Slimline beer cans and the future of can formats

As brewers seek to differentiate their products and feed into consumer trends around health and wellbeing, beer can formats are being revisited.

While beer has traditionally been in 330ml or 375ml formats, brewers are changing their perceptions of what beer is and what it can be.

Carlton & United Breweries’ announcement earlier this month that it was launching a fruit beer in a slimline can highlighted this move.

The Asahi Beverages-owned brewer said in a media release that it was “shaking up the beer market by releasing a new type of beer as drinkers increasingly look for sweeter and lower bitterness alcoholic drinks”.

The major brewer suggested that the “new category” of flavoured beer catered to the changing palates of customers, as well as the growing recognition of RTDs and seltzers – which often come in slimline formats.

A CUB spokesperson told Brews News that it had undertaken extensive consumer research prior to making the decision.

“[This research] indicates slimline cans are increasingly popular among many Australian drinkers,” they said.

“Using slimline cans helps emphasise that Fruity Beer is different from our regular beers. A slimline can helps us communicate that this is not beer as you know it.”

Can formats have often been an indicator to consumers of what type of product they will be getting.

Brewers have tended to shy away from 250ml sleek or slimline cans, unless they are also producing seltzers in their portfolio, which has allowed them to differentiate between the non-beer product and their core ranges.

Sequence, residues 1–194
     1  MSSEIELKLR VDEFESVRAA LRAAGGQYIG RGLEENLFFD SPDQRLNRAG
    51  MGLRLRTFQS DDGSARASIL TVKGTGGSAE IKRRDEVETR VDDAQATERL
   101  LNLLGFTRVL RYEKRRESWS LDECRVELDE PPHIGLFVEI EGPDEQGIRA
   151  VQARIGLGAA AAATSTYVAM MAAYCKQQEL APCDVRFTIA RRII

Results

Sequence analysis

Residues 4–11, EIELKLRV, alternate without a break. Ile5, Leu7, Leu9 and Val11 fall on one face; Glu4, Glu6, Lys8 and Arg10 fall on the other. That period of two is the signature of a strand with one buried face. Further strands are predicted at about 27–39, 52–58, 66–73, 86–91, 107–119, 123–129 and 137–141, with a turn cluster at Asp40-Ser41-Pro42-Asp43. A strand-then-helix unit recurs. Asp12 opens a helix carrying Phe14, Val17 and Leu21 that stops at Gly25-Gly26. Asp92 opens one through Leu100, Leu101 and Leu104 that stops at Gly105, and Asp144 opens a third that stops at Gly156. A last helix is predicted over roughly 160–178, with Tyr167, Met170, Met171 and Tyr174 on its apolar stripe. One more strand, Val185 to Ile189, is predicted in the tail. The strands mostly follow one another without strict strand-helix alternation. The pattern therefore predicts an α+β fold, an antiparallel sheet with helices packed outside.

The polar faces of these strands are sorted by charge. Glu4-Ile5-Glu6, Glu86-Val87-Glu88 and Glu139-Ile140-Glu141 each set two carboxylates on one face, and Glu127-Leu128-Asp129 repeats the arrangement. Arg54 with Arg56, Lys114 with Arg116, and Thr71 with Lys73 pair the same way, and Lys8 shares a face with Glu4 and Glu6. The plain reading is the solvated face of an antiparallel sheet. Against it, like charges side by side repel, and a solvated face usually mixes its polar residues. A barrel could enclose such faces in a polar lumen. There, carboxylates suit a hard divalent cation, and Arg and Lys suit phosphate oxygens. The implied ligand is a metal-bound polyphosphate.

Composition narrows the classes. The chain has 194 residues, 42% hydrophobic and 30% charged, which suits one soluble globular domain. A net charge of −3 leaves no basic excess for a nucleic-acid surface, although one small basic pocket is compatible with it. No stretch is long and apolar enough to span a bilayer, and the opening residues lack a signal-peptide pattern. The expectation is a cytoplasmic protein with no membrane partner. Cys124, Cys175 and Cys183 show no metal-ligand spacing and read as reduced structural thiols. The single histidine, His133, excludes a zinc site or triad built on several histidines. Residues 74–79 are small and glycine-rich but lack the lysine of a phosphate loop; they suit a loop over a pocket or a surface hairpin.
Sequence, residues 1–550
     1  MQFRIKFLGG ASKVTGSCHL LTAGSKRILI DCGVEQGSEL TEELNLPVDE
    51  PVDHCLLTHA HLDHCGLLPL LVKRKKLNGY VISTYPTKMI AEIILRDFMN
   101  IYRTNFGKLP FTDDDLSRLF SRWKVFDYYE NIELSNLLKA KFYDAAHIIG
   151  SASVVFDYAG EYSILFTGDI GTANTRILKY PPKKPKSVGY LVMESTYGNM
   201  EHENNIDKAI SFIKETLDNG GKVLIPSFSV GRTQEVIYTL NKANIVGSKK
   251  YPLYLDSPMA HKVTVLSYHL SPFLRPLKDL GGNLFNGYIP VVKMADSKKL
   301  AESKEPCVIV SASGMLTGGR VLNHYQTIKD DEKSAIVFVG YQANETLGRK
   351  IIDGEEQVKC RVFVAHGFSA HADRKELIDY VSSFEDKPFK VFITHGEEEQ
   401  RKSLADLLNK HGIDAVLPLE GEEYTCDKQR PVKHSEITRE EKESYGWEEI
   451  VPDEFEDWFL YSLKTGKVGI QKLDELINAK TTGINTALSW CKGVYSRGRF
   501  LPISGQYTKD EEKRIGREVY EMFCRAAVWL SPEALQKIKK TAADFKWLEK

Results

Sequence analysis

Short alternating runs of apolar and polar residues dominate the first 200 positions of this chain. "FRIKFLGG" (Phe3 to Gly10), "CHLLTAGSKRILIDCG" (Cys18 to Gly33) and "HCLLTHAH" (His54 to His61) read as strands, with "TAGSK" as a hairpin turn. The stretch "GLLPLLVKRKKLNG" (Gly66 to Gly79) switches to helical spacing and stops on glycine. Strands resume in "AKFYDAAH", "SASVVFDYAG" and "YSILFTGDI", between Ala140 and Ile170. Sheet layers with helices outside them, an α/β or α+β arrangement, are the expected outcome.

Can supplier Orora said in its latest annual results that slim and sleek can volumes were up generally in FY22, which it said was due to improved activity in the off-premise and convenience channels compared to FY21.

Orora has seen demand increase across the board, not just in beer, but for different can formats. The company has commenced construction of a second can line at its Dandenong facility and additional ends capacity at its Ballarat facility in Victoria, totalling $110 million in investment.

Orora also announced an $85 million multi-size cans line at its Revesby site in NSW, with construction set to commence in the coming months.

“Orora is proud to have recently announced investments to increase capacity in all formats of can bodies in Australia,” a spokesperson toldBrews News.

“These investments serve to support market requirements, as our customers and their brands continue to seek ways to differentiate in their respective categories.

“The need for differentiation has seen a trend of brands towards sleek, slim and large format cans.

“We expect this trend to continue and our investments have us well placed to continue to sustainably meet future market requirements in Australia and New Zealand.”

While there is a current move to slimline cans, it is not the first time brewers have experimented with the format. The Australian Brewery launched its can range with 355ml slimline cans in 2013.

At the time a brewery spokesperson said the decision was made to distance the brewery from mainstream can brands.

“Being the first we thought this was critical and if you’re going to push the envelope anyway, you may as well push it hard,” the brewery said at the time.

However, by 2016 the brewery had reverted to a traditional 375ml format. A spokesperson said of the change that the brewery’s feedback was that the cans looked smaller than they actually were.

“I got sick of telling people they were bigger than most bottles! After the change we saw a significant increase in off-premise sales.”

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